African American history museum set to open its doors

MAAHMG leadership team: (l-r) Jack Rainey, Jr., Coventry Cowens, Verlena Matey-Keke and Tina Burnside. Courtesy of MAAHMG

Diversity is something of a Twin Cities calling card. Museums throughout the metro showcase state-of-the-art inclusion, exhibits and forums, including such venerated venues as the Minneapolis Institute of Arts, Minnesota History Center and Weisman Art Museum.

Impressive as these establishments are, it is vital to have an institution devoted specifically to one’s culture. The Minnesota African American Heritage Museum and Gallery (MAAHMG) stands to admirably fill that bill for African Americans.

Tina Burnside, museum co-founder and civil rights attorney, notes, “Minnesota is one of the few states in the country that does not have an African American museum. That had to change,” she said.

Toward that end, she has partnered with writer and education administrator Coventry Cowens to open the new museum’s doors Saturday, September 8.

Its inaugural exhibit, Unbreakable: Celebrating the Resilience of African Americans in Minnesota, is set to showcase pioneers who settled in the state and women who made their mark on Minnesota and on America, highlighting the impact of the “Great Migration” on Minnesota.

“African Americans have been in Minnesota since the 1800s, and we have contributed to the success and growth of this state and its cities and towns,” she continued. “In 2018, we cannot continue to ignore the struggles, challenges, successes and accomplishments of African Americans and our impact on Minnesota.”

More than six million African Americans moved from the rural South to the North, Midwest and West from about 1916 to 1970. Driven by impoverished segregation, they saw a need for industrial workers that first arose during the First World War as an opportunity to better their lot in life.

“We wanted to tell the African American experience in Minnesota from the beginning,” explained Burnside. “Most people think African Americans came to the state in the 1960s, so we felt it was important to start with early settlers and pioneers.

“We also wanted to highlight some amazing trailblazing women from the early 20th century,” Burnside continued. “We decided to also show the impact of the Great Migration on Minnesota’s Black population growth, because often this story focuses on Midwestern cities with larger Black populations, such as Chicago and Detroit. But the Great Migration also influenced Minnesota.”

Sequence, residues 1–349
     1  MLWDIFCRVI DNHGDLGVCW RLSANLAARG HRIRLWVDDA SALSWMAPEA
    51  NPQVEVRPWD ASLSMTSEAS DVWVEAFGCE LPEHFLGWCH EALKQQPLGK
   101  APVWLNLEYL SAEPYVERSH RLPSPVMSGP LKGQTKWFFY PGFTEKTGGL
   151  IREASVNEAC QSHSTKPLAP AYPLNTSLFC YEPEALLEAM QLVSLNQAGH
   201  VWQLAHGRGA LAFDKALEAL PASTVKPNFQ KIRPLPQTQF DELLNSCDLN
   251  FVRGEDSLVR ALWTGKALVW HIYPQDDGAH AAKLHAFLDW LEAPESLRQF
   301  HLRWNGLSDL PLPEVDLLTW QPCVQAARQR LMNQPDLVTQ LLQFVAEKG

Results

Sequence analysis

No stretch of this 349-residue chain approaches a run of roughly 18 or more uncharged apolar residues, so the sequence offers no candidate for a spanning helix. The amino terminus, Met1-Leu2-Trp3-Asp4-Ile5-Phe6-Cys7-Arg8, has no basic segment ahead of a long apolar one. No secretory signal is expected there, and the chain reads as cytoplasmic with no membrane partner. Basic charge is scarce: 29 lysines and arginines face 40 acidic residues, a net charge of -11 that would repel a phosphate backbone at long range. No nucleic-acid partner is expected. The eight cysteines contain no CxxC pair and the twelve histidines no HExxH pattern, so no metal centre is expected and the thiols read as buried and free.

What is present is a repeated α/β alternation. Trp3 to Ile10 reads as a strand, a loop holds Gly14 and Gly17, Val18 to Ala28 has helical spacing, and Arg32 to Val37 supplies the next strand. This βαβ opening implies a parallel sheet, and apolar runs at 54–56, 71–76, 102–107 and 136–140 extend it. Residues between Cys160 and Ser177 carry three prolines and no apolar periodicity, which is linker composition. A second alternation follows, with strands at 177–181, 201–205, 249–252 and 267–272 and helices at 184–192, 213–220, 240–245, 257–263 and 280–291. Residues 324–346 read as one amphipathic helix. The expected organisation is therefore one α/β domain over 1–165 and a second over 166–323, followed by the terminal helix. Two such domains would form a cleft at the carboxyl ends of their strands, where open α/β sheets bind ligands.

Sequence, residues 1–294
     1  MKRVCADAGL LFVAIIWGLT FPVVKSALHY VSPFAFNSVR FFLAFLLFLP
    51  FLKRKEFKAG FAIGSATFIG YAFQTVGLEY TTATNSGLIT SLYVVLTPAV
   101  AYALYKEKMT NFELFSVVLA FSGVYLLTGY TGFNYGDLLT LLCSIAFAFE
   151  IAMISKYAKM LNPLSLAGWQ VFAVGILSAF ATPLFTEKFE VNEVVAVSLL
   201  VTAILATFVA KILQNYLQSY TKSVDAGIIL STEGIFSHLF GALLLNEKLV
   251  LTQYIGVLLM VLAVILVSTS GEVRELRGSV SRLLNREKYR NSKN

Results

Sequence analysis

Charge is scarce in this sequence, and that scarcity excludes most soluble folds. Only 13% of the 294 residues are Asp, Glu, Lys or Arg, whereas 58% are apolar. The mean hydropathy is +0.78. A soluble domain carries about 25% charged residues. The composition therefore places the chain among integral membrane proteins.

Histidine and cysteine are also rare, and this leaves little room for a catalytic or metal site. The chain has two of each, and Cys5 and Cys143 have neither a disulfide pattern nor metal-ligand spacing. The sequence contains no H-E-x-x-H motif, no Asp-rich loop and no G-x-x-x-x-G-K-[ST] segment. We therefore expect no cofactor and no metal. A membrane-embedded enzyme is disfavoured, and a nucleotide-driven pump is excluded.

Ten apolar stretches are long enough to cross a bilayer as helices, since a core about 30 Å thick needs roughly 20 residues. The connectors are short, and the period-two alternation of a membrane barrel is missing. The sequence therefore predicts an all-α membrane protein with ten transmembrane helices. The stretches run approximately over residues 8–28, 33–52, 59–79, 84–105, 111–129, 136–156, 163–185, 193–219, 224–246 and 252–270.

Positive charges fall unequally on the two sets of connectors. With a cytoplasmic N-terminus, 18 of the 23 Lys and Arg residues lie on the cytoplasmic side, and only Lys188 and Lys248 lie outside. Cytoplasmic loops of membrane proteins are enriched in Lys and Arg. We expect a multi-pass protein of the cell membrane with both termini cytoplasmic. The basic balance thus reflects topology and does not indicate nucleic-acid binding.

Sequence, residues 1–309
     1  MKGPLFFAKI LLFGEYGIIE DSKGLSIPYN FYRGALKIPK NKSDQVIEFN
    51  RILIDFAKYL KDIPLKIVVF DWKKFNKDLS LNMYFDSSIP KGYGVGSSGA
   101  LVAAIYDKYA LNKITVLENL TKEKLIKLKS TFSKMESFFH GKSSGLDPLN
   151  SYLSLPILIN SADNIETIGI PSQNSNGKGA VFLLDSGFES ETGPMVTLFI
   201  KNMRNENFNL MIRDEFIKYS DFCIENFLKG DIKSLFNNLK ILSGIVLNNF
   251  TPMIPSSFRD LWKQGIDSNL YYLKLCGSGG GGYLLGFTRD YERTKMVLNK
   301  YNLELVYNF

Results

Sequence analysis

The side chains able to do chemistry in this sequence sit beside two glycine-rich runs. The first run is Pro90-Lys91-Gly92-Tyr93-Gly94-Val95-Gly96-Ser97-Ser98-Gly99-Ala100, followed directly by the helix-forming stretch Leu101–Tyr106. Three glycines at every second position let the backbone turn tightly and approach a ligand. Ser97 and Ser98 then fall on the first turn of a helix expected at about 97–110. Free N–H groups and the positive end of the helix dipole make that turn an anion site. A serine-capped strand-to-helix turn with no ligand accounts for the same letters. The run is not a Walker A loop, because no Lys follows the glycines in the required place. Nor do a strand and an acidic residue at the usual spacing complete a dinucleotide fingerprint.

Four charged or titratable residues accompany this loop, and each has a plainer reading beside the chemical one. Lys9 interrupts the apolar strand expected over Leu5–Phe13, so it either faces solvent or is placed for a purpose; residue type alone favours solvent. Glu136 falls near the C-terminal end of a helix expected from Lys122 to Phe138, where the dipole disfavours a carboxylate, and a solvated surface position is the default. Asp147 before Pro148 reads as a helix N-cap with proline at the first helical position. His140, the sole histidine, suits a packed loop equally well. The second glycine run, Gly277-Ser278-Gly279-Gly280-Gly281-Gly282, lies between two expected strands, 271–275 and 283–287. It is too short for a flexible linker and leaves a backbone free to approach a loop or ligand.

Courtesy of MAAHMG

The museum will also pay homage to African American war veterans.

“We wanted to pay tribute to African Americans who served in the military during a time when it was segregated, and show their bravery in fighting for freedom yet still being denied such freedoms at home,” said Burnside.

This is not the first organization to embark on establishing an African American museum in the Twin Cities. The most recent effort by another organization, however, was beleaguered by financial struggles and work disputes before it could even open its doors.

“There have been multiple efforts to have an African American museum over the years, which have met many challenges,” noted Cowens. However, she said, “The important contributions of the Black community still [need] to be told.”

Burnside agreed: “We’re excited about the exhibit and we think it’s a good foundation to start the conversation about African American history in this state.”

Burnside and Cowens also plan to avail the Minnesota African American Heritage Museum and Gallery of other resources. They hope this includes the “TESTIFY: Americana from Slavery to Today” exhibit curated by the Diane and Alan Page Collection, which was hosted at Minneapolis Central Library in January.

“We have reached out to Justice Alan Page and Diane Page to have a conversation with them about the museum and seek their support for the project and input,” said Cowens.

She added, “We are reaching out to all segments of the Minnesota community, getting diverse opinions and hearing their passions and histories, which has been part of our learning process in the organization and creation of the Minnesota African American Heritage Museum and Gallery.”

The Museum will also host a children’s literacy and reading circle on Saturday mornings, an obvious boon for African American youngsters. Does it not benefit other children as well, including recent African immigrants who, over the past decade or so, have become a significant presence?

“We want everyone to come to the museum and the reading circle,” reflected Burnside. “Everyone is welcome. We believe it’s important to get children interested in books and reading to stimulate their imagination, and develop language and listening skills.

“We think it’s equally important for all children to learn about African American history because, unfortunately, it’s not being taught in schools beyond Dr. Martin Luther King, Jr. and Rosa Parks. When children learn about other people’s history, it breaks down barriers,” continued Burnside. “They develop an appreciation and respect for differences instead of fear.”

The Minnesota African American Heritage Museum and Gallery is located at 1256 Penn Ave. N. in THOR Companies’ new headquarters in Minneapolis. It will celebrate its grand opening September 8, 9 am to noon, and will operate Tuesdays, Wednesdays and Fridays, 1 pm to 5 pm; Thursdays, 1 pm to 7 pm; and Saturdays from 9 am to 12 pm. Admission is free and open to the public.

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